The Corner

Another Unintended Consequence of Bike Lanes

Downtown Washington is littered with bike lanes. In my experience, they are nearly always devoid of people actually riding bicycles. I can only assume that the city put them in place to encourage bike riding over traveling by car. Build the bike lanes, and the people will bike.

It won’t surprise you to learn that these lanes, like many technocratic schemes, come with unintended consequences. When it snows — and it does, from time to time, always catching the city completely by surprise — the plows can’t remove the snow from the streets because the plows can’t fit in the bike lanes. So the plows dump all the snow into the bike lanes themselves. This causes a problem for the two or three people who actually ride bicycles in the bike lanes. It also causes problems for motorists because the city, employing its micromanagerial genius, often uses the portion of the bike lanes near intersections as left-turn lanes for cars. Safety first.

Another consequence — unintended? — is that already congested streets lose an entire lane. I remember once it took me nearly thirty minutes to travel five blocks down L Street, NW. The road was down to one lane, effectively.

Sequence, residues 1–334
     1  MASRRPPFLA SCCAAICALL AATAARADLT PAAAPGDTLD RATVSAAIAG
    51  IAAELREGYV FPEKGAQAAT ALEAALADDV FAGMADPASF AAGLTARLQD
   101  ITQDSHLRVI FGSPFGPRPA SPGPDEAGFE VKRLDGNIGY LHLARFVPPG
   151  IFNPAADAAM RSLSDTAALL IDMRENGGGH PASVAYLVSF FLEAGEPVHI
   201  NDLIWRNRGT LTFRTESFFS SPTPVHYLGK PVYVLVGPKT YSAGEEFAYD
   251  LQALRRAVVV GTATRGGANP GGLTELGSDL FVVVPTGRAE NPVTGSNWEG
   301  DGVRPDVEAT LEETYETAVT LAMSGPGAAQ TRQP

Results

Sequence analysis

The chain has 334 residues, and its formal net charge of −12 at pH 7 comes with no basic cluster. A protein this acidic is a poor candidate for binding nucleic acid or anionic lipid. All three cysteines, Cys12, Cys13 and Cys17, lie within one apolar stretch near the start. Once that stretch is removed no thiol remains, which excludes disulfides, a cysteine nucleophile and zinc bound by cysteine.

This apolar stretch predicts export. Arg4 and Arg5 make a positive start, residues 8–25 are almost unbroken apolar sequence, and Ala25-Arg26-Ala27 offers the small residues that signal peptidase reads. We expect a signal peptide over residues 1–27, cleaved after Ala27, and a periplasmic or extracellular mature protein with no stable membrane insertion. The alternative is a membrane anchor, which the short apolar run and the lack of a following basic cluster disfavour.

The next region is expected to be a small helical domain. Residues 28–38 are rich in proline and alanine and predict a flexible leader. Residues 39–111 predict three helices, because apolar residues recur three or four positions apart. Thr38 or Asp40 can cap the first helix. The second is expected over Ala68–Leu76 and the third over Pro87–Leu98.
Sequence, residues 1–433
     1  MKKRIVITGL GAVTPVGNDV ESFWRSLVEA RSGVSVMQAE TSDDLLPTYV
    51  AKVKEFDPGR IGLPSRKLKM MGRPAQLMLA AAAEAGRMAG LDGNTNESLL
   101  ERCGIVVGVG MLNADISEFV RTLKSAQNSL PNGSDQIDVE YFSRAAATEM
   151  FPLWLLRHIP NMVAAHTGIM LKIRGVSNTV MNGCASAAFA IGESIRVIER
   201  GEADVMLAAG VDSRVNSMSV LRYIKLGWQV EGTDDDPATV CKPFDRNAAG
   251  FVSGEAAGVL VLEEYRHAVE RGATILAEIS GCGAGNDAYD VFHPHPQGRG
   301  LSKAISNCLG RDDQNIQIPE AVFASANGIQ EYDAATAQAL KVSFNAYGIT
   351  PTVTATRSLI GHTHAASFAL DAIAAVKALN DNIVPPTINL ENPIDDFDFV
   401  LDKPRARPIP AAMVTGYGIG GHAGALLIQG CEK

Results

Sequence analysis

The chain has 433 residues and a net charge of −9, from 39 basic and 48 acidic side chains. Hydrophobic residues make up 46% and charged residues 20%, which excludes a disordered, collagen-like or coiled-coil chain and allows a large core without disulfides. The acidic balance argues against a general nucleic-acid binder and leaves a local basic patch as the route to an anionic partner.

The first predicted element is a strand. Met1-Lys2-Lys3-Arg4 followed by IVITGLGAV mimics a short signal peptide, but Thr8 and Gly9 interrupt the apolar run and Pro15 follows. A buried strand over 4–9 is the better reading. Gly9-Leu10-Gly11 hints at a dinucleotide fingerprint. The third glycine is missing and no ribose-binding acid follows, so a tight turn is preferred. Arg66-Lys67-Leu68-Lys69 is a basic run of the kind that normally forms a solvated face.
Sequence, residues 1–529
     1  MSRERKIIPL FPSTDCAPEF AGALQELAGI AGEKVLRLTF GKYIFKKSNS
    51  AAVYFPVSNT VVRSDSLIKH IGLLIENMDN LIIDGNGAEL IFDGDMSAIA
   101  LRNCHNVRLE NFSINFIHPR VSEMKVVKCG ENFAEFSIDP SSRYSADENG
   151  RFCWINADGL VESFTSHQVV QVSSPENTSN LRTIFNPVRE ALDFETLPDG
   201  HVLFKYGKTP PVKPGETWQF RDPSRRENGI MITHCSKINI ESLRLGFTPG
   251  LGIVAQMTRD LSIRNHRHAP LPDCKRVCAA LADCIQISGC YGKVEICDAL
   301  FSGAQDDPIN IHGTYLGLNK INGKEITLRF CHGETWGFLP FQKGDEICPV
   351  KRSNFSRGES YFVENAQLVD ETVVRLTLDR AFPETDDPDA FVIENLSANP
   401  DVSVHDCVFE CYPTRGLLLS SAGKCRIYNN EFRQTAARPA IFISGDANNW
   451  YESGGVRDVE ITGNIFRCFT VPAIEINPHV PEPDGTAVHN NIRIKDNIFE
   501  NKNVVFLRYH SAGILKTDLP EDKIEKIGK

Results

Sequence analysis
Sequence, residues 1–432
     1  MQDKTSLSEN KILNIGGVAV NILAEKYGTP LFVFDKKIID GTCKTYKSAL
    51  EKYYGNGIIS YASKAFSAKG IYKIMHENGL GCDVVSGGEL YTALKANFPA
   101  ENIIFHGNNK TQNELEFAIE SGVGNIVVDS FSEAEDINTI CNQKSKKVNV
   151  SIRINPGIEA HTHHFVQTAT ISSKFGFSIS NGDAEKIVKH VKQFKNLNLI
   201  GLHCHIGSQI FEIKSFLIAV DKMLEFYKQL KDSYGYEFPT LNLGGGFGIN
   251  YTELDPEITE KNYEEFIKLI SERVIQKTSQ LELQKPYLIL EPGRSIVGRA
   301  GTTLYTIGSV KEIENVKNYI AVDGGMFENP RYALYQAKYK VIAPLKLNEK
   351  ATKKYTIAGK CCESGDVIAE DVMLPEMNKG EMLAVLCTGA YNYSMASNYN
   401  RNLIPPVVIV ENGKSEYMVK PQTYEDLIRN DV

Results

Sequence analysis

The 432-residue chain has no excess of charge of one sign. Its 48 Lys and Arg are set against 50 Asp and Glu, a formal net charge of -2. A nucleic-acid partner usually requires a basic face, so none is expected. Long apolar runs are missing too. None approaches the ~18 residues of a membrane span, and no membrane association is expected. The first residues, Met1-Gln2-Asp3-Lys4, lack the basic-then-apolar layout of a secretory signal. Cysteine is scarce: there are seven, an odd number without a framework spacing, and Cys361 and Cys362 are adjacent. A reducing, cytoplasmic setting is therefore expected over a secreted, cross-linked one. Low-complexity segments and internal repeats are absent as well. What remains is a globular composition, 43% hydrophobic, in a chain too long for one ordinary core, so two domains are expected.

And today’s observation: Delivery trucks can’t fit in the bike lanes. So they load and unload not at the curb, but in the street. Safety first. Bottlenecks form. Commuters lose productive time at work or time home with their children. Welfare decreases because rage, or at least irritation, increases.

Build the bike lanes, and the people will bike? Maybe. But even if so, other stuff will happen, too.

https://twitter.com/MichaelRStrain/status/566241046158639104

— Michael R. Strain is deputy director of economic policy studies and resident scholar at the American Enterprise Institute. You can follow him on Twitter at twitter.com/MichaelRStrain.

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